The House

Midweek podcast: A breakthrough for the Greens

On this week's midweek podcast, Green Party Leader Elizabeth May joins us to talk about the win in Nanaimo-Ladysmith and what the future holds for the party in October.
Green Party's Paul Manly celebrates with his family from (left to right), his mother Eva and father Jim, wife Samantha and daughter Aven after results come in for the Nanaimo-Ladysmith byelection at the Cavallotti Lodge in Nanaimo, B.C., on Monday, May 6, 2019. THE CANADIAN PRESS/Chad Hipolito (Chad Hipolito/Canadian Press)
Listen to the full episode27:44

Elizabeth May says her party is gaining traction because they're offering something different, not because they're stealing voters who are unhappy with the other parties.

"We also get a lot of votes from people who otherwise wouldn't vote at all," she told host Chris Hall on The House. 

"I'm kind of uncomfortable the idea that we take votes from one party or another. We represent something different that attracts voters to us from across the political spectrum."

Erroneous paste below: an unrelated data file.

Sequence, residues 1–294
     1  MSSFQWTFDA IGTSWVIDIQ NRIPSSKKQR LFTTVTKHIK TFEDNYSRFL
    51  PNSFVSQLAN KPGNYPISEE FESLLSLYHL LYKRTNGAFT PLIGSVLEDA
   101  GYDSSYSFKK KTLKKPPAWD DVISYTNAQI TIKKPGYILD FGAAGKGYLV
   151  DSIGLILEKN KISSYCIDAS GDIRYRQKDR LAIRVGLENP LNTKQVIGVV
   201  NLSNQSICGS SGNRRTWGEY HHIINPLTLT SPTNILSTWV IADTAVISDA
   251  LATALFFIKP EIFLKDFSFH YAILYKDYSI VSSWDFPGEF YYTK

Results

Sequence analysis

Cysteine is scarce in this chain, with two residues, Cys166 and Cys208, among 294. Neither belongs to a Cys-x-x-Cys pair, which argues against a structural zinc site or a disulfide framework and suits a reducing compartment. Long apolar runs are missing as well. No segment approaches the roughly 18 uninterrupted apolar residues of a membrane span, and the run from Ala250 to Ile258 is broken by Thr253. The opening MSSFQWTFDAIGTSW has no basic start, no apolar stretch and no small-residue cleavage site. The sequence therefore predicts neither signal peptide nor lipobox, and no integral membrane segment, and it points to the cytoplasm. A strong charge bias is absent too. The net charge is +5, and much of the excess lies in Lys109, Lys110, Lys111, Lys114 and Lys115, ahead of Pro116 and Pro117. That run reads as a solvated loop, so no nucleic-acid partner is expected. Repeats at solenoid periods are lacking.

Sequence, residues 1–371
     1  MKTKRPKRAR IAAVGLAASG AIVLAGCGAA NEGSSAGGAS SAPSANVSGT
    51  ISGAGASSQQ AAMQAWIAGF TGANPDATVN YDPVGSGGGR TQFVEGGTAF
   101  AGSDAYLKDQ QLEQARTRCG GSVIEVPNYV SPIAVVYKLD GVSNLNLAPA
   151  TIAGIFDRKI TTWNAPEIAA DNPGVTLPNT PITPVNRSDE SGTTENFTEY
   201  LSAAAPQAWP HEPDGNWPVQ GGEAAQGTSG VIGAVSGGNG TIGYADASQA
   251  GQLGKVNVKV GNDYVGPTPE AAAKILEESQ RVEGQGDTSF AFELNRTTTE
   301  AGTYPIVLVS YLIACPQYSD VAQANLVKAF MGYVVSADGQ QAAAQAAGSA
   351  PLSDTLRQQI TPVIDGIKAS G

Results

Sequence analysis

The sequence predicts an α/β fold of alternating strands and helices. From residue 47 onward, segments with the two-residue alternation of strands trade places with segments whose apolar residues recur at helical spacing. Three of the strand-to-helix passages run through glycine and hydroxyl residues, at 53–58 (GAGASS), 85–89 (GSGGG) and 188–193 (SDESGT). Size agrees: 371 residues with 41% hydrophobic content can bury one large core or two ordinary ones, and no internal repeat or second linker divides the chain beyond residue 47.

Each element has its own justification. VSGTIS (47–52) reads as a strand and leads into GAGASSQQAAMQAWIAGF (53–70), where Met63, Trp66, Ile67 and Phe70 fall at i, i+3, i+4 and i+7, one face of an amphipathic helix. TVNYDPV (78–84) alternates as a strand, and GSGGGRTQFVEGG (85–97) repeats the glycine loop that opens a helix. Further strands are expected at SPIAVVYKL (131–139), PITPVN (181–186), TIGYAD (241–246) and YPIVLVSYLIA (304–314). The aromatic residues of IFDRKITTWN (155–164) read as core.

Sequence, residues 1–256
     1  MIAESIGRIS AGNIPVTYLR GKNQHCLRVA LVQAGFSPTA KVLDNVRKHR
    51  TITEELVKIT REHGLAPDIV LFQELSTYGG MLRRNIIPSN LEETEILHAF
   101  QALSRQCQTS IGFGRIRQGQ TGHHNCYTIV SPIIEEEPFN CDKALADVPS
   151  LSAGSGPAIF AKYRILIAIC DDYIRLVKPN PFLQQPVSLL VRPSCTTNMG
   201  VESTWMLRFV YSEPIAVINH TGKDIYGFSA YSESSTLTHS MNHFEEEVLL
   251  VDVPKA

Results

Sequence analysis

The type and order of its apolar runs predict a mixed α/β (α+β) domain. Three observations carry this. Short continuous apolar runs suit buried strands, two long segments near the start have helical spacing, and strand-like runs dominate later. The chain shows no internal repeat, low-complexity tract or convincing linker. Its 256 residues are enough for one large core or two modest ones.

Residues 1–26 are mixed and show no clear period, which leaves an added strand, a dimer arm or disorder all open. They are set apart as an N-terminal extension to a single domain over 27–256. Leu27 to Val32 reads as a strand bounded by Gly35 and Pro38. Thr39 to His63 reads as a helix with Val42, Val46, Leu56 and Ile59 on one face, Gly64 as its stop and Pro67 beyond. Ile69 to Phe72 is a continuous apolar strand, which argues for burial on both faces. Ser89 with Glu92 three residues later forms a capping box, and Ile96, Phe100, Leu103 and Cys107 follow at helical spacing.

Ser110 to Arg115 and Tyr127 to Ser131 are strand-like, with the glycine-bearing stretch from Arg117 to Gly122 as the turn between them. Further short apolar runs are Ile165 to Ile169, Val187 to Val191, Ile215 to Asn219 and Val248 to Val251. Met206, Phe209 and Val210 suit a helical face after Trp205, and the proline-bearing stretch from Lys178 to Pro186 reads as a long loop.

The Greens won their second federal seat this week after Paul Manly came out on top in the byelection in the B.C. riding of Nanaimo-Ladymith. 

In 2015, the party took 20 per cent of the vote and was defeated by the NDP, who won with about 33 per cent. 

The Greens have long attributed a lack of federal success to their support waffling in the face of strategic voting or vote splitting, but May says those days are over. 

"You know what we're looking at I think really is there's less reason for Fear Factor voting as long as we are actually voting for what we want."

Recent wins provincially in Ontario, New Brunswick and P.E.I. have put the wind back in May's sails. 

"We're no longer geographically limited. We're also no longer limited by people saying 'oh well, Greens will never get elected.' Clearly Greens can get elected across Canada."

May also says the presence of more viable options — other than the three main parties — is pointing to a potential minority government result in Ottawa, and she's ready for that. 

"We're prepared to work really hard and work across party lines to make a minority Parliament work."